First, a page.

Choo the fat with ‘Mainline Railway Stamps’

Mainline Railway Stamps, Howard Plitz

A few months ago I received a new book: Howard Plitz’s Mainline Railway Stamps. As I’ve made clear on the blog, I am bang up for receiving free stuff, so I’m delighted to return the favour with this site’s first ever book review!

Howard is a lifelong philatelist and railway aficionado, and this book is the sequel to his Narrow Gauge Railway Stamps of 2018 (which I haven’t seen). He has chosen a dangerous path in life. What if he made a minor error? The consequences of incurring the combined wrath of philatelists AND trainspotters are too gruesome to contemplate.

Well, Howard can relax for now. This philatelist and secret train fan was all aboard as soon the box was opened. This is just a beautiful book to hold. The size and weight feel satisfying in the hand. It’s handsomely put together, and the vibrant images leaping from the page during a flick-through just made me want to tear straight in.

The feast for the eyeballs continued inside, with colourful railway stamps exploding off the shiny paper stock, illustrating the potted railway histories told around them. The book makes clear at the outset that it’s not a catalogue of railway stamps for thematic collectors; it is not exhaustive in either stamps or railways, and nor does it attempt to value the illustrated stamps. On the railway side, its vision is commendably global, but on the stamp side, it wisely eschews the meaningless postal agency wallpaper and fraudulent collector-bait.

Switzerland 2017 150th Anniversary Brienz Rothorn Railway stamp

Mainline Railway Stamps is tremendously readable, if you can forgive Howard’s occasional meandering sentence bordering on stream-of-consciousness. (And whom among us is innocent of that?) You could devour it in a solid few hours, or dip into it in over a cuppa as life allows. And while the appeal to philatelists is obvious, it would make an attractive option if the railfan in your life is as difficult to buy gifts for as the one in mine. (Yes Dad, that’s you.) The spotlight in this volume is on mainline, mostly broad-gauge railways, with a selection of preservation lines thrown in, along with their cinderellas. And Thomas the Tank Engine hasn’t been forgotten.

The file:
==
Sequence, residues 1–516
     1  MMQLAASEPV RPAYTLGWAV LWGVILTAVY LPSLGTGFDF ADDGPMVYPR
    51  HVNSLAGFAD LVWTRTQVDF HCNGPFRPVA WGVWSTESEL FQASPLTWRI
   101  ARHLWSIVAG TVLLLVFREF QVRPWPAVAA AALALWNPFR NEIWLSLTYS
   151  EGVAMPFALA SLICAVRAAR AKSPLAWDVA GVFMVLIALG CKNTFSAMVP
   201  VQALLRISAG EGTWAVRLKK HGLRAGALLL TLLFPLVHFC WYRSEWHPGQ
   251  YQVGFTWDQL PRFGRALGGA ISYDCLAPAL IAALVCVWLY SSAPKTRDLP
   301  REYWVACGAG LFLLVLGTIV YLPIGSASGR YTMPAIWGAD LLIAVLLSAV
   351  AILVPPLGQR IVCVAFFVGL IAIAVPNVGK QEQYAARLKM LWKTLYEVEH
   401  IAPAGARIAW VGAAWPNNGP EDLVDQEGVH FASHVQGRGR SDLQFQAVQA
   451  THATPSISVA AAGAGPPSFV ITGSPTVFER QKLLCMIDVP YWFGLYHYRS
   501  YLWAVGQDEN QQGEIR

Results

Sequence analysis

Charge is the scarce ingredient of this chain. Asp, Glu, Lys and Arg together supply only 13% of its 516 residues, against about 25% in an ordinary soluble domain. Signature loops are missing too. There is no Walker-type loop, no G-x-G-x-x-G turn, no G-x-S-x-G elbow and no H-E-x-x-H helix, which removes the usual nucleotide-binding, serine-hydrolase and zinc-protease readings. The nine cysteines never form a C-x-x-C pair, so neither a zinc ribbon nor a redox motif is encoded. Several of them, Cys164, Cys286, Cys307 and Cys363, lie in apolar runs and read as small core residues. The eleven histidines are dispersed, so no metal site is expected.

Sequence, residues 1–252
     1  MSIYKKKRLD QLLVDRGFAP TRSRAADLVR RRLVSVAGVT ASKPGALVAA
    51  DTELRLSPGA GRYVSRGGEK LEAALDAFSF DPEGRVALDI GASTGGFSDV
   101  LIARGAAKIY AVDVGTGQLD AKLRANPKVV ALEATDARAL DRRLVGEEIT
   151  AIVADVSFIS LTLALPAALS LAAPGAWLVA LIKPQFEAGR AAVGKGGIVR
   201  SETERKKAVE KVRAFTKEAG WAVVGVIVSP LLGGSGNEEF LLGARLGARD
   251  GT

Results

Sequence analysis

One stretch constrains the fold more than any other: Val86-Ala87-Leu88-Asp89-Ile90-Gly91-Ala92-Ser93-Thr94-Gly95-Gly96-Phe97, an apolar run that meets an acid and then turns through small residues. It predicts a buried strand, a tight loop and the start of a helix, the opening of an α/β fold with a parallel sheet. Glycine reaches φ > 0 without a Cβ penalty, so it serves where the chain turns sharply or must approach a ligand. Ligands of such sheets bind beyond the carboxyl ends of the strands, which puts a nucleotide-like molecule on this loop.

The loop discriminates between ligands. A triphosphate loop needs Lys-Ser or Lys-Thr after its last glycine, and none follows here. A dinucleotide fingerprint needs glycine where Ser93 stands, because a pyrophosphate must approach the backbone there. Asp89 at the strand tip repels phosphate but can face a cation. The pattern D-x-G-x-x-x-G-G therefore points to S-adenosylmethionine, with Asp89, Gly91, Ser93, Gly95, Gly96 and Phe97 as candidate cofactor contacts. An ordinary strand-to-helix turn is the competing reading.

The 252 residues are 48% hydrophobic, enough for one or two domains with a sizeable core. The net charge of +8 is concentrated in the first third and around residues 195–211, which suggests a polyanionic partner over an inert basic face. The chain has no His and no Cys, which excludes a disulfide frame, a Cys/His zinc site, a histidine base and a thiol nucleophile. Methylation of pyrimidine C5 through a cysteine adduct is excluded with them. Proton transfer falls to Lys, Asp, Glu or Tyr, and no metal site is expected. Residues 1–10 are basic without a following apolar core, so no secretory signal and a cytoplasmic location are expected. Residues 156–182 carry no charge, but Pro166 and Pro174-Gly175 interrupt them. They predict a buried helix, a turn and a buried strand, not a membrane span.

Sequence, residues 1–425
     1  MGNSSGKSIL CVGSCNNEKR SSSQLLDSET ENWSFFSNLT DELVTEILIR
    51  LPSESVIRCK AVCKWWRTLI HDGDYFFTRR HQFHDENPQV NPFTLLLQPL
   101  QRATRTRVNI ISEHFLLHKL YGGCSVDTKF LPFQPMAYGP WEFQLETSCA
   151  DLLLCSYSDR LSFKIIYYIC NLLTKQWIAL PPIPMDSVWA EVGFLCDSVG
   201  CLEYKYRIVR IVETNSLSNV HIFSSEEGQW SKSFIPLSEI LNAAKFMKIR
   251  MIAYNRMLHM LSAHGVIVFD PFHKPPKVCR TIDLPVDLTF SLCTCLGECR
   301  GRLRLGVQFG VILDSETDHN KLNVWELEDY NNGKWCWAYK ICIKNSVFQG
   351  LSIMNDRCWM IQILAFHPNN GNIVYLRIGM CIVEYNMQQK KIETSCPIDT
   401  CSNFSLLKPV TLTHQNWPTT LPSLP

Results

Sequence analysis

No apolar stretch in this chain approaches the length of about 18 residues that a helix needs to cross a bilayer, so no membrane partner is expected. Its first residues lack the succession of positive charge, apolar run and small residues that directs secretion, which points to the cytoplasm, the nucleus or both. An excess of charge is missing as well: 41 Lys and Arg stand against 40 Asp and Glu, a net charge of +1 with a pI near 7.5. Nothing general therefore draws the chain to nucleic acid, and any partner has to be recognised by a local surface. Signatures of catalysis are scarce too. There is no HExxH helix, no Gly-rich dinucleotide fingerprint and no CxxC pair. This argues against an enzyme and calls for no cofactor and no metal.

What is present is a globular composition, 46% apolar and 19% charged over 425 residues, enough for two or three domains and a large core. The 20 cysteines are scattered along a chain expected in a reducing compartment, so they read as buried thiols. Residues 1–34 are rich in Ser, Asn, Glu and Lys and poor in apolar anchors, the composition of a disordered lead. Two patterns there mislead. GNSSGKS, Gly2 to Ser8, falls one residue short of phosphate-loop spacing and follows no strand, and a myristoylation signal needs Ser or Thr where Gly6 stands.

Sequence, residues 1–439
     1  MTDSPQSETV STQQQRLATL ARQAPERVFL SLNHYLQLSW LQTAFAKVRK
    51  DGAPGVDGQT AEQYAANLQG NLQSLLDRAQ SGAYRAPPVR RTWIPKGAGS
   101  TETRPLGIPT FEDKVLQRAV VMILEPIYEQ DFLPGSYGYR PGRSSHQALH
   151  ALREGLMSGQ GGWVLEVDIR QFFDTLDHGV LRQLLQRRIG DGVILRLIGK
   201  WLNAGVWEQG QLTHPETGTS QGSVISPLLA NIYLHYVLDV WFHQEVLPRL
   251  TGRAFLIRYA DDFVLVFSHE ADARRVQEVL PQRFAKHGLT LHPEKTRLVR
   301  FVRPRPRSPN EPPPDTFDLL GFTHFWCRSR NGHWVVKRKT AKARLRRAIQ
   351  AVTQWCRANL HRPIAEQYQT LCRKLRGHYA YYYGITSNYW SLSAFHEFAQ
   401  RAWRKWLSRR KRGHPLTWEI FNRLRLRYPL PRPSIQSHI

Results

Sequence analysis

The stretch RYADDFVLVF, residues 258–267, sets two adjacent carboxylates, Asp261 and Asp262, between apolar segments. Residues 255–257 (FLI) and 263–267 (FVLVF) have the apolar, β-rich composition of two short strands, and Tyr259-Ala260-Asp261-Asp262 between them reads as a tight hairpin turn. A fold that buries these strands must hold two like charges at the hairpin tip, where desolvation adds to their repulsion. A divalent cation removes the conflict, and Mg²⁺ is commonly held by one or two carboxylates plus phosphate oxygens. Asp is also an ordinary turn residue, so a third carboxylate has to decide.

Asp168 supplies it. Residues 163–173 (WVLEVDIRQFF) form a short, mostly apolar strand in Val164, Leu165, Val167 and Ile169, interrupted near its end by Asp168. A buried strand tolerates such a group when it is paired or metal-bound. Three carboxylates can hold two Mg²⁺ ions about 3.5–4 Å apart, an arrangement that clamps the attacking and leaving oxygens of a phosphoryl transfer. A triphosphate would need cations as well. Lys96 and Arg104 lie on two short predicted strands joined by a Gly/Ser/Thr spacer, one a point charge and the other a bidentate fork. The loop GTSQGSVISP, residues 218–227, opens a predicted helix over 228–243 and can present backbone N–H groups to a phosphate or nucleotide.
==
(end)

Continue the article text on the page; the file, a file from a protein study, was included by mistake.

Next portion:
As the child of a train fanatic, I inherited a love of smelly old steam engines, but I’ve also been subjected to more technical specifications than I’ll need in my lifetime. (Admittedly, I get the same way over Australian decimal postal rates. I am available for your next dinner party.) Howard’s impressive achievement with this book – against all odds – is to enthuse about trains and stamps without dwelling on details that would cause the average reader’s eyes to glaze over. A note here and there on gauge sizes or postal developments is to be expected, but the text is informal in tone and never gets bogged down. Rarely spending more than a paragraph on any railway service before moving on, the reader is kept engaged, and alert to the next discovery.

And discoveries abound. A real joy of this book for me was a constant stream of little wow! moments. Did you know that Switzerland’s Brienz Rothorn Bahn tourist railway (as featured in the stamp above) was never electrified, with most trains operated by steam locomotives built in the 1890s – so it followed that the same company could supply new steam locos a century later in the 1990s? Did you know that due to track gauge discrepancies, trains leaving Spain for France can adjust the distance between their wheels on their axles?